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Black holes again

  1. Dec 27, 2005 #1
    This may sound silly but is it possible to see a black hole grow, how do we know that black holes consume and hold onto most of what they attract. Unseen by us could blackholes convert ordinary matter into something unknown like dark matter made from wimps for example, which are immediately re-emitted back out into space.
    Last edited: Dec 27, 2005
  2. jcsd
  3. Dec 29, 2005 #2
    Well it is all just a theory right now, we are not totally sure if black holes can do anything at all. But from the fact that there is no light in a small circlular area has to mean something. And if the black hole does take things in it has to put it some place. So what you are getting at is a really tough question that will be answered sometime.
  4. Dec 29, 2005 #3


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    Two comments:

    1) Black holes have never been directly observed in the sense that DyeeyD suggested: as a "blank spot" in a field of stars. Instead, they are detected indirectly by the emissions of matter, outside the hole, which is heated as it falls inward toward the hole. Such matter is in the so-called "accretion disc" which surrounds the black hole itself.

    2) Nothing which falls into a black hole (i.e. which crosses the event horizon) ever comes back out. Nothing, in any form, even massless photons, can escape from within a black hole's event horizon.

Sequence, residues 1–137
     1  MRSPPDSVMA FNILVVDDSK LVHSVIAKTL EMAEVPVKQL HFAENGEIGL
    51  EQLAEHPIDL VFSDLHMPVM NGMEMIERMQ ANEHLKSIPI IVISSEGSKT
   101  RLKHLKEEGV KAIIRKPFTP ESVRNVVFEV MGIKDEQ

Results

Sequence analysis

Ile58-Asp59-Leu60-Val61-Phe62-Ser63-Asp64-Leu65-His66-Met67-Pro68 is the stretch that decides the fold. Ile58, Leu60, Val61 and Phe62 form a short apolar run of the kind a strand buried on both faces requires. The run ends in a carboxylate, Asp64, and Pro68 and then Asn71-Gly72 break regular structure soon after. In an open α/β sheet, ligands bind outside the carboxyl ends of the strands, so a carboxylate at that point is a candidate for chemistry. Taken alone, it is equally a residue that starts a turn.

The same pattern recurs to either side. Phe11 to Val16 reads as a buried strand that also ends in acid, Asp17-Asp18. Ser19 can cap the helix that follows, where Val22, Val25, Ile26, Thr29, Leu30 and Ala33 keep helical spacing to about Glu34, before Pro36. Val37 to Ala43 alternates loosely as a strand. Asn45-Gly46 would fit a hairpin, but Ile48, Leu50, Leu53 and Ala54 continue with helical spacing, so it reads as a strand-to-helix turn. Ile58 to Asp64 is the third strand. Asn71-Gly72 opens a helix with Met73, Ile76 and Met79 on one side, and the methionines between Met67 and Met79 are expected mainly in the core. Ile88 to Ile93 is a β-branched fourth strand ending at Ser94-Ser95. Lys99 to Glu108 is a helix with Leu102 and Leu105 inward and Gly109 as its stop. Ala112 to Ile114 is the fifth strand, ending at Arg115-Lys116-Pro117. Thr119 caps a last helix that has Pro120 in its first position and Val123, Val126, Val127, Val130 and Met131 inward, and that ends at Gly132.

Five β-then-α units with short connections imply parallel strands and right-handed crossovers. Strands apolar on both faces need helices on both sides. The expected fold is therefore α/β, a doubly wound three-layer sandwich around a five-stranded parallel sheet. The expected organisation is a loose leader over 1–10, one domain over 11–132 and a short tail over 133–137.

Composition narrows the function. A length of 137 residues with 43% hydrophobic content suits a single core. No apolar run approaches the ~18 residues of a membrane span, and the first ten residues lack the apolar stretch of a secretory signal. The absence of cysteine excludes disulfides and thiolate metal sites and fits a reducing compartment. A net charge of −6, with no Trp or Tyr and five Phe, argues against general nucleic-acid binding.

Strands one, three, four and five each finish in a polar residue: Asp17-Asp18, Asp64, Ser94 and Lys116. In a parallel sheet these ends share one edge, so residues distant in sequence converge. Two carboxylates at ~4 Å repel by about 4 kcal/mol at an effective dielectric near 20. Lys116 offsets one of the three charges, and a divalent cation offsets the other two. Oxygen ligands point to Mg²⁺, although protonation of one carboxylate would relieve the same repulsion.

Hawking radiation is a process by which a black hole can appear to lose mass, but it is a fundamentally quantum-mechanical process which actually happens immediately outside a black hole's event horizon. Once inside, nothing ever gets back out.

    - Warren
  5. Jan 4, 2006 #4
    Thankyou for the replies

    As its impossible to see anything cross through the Event horizon , how do we know that anything does, Is it just a theory,is there any proof.

    if its true that nothing can come out of a black hole as nothing can cross out wards through the EH, how does the mass inside affect the space outside, why isn't the effects of the mass at the singularity confined to the singularity side of the EH
    Last edited: Jan 4, 2006
  6. Jan 5, 2006 #5


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    1. It would be possible, in theory. We don't currently have any black holes close enough, or any telescopes large enough, to actually "observe" such an event, however.

    2. This is correct. Once inside the event horizon, all possible futures end at the singularity. To the outside world, the black hole appears gravitationally to be a mass like any other. In the same way, the Sun would influence the Earth in the same way no matter what substance it were made of. Technically speaking, in the limit of large distances, effects like tidal forces become negligible; the only important gravitational characteristic of a distant body is its mass.

    - Warren
  7. Jan 14, 2006 #6

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    Hawking radiation, if correct, is a process by which a small black hole does lose mass. Hawking radiation occurs on the very threshold of the event horizon. The concept remains controversial; it is still viewed as a conjecture by many.
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